Peter Mac research has been well-represented at the American Association of Cancer Research (AACR) Annual Meeting, held in New Orleans last week.

Lead genitourinary medical oncologist Associate Professor Ben Tran gave a prestigious oral presentation at one of the conference's plenary sessions about an exciting new compound called MEDI5752.

MEDI5752 is being evaluated in a first in human phase 1 clinical trial to see how safe and effective it is in adults with advanced solid tumours.

"MEDI5752 is an antibody that targets both PD-1 and CTLA-4 at the same time; these proteins are the key brakes that prevent immune cells from targeting cancers in some patients," Associate Professor Tran says.

In the study he presented, MEDI5752 resulted in substantial immune cell activation exceeding what is achievable with the current therapies in use.

Additionally, MEDI5752 resulted in tumour shrinkage that was seen across a diverse range of tumours, and at multiple dose levels.

"So far, the trial is showing encouraging anti-tumour activity and longer term clinical benefits for patients," Associate Professor Tran says.

There were also two other clinical trial plenary presentations at AACR from trials conducted by Peter Mac investigators in the Early Drug Development trials program.

Medical oncologist Dr Stephen Luen was last author on interim results presented from the ongoing PETRA trial, a first in human phase 1/2a clinical trial of AZD5305, a new generation PARP1-selective PARP inhibitor.

PARP1 is an enzyme that allows cells to repair DNA damage. By blocking this enzyme in cancer cells, PARP1 inhibitors can prevent the cells repairing themselves and hence cause them to die.

Results from PETRA show AZD5305 is better tolerated and more effective in patients with advanced breast, ovarian, prostate or pancreatic cancer who also carry certain genetic mutations, than first generation inhibitors.

Medical oncologist Associate Professor Jayesh Desai was a co-author on an analysis of the long-term efficacy data from the breakthrough KRAS-G12C inhibitor sotorasib in patients with non-small cell lung cancer.

KRAS is a protein that when it is switched on, controls how often a cell divides. A mutated form of this protein KRAS-G12C is always switched on, meaning cells are more likely to divide uncontrollably leading to the formation of tumours.

Forty per cent of patients given sotorasib responded to the therapy, and kept responding for a median duration of just over a year. Importantly, the one and two-year overall survival of patients was 50.8 per cent and 30.3 per cent respectively.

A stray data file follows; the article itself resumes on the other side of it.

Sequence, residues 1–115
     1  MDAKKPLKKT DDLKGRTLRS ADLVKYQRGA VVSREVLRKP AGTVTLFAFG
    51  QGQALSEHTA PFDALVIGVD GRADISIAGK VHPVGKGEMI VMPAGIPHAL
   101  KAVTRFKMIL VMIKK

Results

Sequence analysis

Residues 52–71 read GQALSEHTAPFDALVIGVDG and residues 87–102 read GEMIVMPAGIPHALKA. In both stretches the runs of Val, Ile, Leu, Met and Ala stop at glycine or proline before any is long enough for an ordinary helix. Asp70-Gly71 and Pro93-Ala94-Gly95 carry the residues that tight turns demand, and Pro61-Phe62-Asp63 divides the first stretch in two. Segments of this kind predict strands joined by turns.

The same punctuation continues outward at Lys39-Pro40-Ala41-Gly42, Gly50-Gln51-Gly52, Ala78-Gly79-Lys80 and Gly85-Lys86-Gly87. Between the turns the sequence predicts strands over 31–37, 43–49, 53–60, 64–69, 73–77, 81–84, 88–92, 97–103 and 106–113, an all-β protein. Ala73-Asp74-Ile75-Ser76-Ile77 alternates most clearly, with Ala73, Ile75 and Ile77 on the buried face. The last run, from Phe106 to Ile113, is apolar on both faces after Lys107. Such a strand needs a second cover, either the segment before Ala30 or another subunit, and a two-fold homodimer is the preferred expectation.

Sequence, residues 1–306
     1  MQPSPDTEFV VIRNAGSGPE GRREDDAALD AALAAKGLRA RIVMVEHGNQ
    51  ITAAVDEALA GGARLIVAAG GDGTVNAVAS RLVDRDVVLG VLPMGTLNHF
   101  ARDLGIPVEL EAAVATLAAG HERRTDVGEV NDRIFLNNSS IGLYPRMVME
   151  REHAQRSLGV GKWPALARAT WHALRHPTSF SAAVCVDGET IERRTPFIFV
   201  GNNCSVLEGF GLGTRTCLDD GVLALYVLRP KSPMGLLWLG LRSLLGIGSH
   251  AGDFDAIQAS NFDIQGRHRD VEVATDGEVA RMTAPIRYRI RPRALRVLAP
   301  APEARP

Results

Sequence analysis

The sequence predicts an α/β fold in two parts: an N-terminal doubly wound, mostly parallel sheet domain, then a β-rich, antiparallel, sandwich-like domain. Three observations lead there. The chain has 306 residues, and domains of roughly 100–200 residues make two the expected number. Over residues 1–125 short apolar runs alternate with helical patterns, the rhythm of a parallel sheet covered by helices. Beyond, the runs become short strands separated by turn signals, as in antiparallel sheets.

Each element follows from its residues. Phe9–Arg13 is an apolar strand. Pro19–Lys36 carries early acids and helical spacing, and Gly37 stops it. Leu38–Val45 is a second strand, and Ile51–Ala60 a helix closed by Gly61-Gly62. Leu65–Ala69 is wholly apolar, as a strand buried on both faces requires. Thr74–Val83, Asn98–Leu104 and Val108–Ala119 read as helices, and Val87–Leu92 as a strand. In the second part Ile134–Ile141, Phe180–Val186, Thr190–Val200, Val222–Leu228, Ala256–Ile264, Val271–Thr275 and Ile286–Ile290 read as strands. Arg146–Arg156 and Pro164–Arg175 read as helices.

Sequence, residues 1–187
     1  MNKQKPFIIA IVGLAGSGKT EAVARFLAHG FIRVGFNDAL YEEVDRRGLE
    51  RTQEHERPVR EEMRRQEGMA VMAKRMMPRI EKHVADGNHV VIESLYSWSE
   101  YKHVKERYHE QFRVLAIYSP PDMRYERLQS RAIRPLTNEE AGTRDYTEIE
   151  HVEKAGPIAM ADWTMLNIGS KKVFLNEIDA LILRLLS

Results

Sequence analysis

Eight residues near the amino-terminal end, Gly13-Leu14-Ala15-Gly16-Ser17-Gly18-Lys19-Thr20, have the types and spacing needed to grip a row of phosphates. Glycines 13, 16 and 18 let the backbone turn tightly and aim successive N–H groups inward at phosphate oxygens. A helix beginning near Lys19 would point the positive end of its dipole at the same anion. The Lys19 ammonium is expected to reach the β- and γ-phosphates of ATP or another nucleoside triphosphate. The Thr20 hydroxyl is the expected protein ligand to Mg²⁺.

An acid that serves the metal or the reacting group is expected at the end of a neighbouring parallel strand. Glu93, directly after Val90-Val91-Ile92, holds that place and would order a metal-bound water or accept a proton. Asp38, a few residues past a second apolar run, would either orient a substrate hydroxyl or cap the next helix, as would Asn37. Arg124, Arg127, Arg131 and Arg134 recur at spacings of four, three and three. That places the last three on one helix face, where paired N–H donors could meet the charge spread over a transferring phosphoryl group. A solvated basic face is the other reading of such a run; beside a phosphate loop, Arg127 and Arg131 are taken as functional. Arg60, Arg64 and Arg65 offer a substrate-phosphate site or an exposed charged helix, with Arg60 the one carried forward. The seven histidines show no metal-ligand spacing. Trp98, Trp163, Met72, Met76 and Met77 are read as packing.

"Trials into this first-in class agent, next-generation KRAS G12C inhibitors and combination strategies are an area of strong research focus for Peter Mac investigators," Associate Professor Desai says.

Medical oncologist Associate Professor Jeanne Tie chaired and presented at an education session about minimal residual disease in solid tumours.

The session provided an overview of the current evidence, the challenges of minimal residual disease detection in solid tumours, clinical implications, and the roadmap to demonstrating clinical utility.

Medical oncologist Professor Sarah-Jane Dawson ran a Meet the Expert session on circulating tumour DNA – small fragments of cancer DNA in a patient's blood.

This followed on from Professor Dawson's 2021 AACR oral presentation on how liquid biopsies – a type of blood test – could be refined to identify circulating tumour DNA, allowing for earlier cancer diagnosis and better tailored treatments.

A number of presentations also showcased the strength of prostate cancer research at Peter Mac.

  • Associate Professor Shahneen Sandhu presented a poster on molecular subtyping of prostate cancer to better understand the underlying disease biology.
  • Dr Luc Furic presented at a minisymposium about PMR-116, a new inhibitor of ribosome biogenesis (ribosomes regulate protein synthesis) which shows promising results in preclinical models of prostate cancer. PMR-116 is now in a first in human Phase 1 trial at Peter Mac for patients with solid tumours.
  • Dr Heidi Fettke presented a poster on preliminary results from an Australian study looking at circulating tumour DNA and outcomes following Lutetium-PSMA treatment in patients with advanced prostate cancer.
  • PhD student Rosalia Quezada Urban presented a poster on how single cell RNA analysis revealed a number of distinct subpopulations of cells in aggressive variants of prostate cancer.

Read more about all the Peter Mac research presented at the AACR Annual Meeting on the conference website.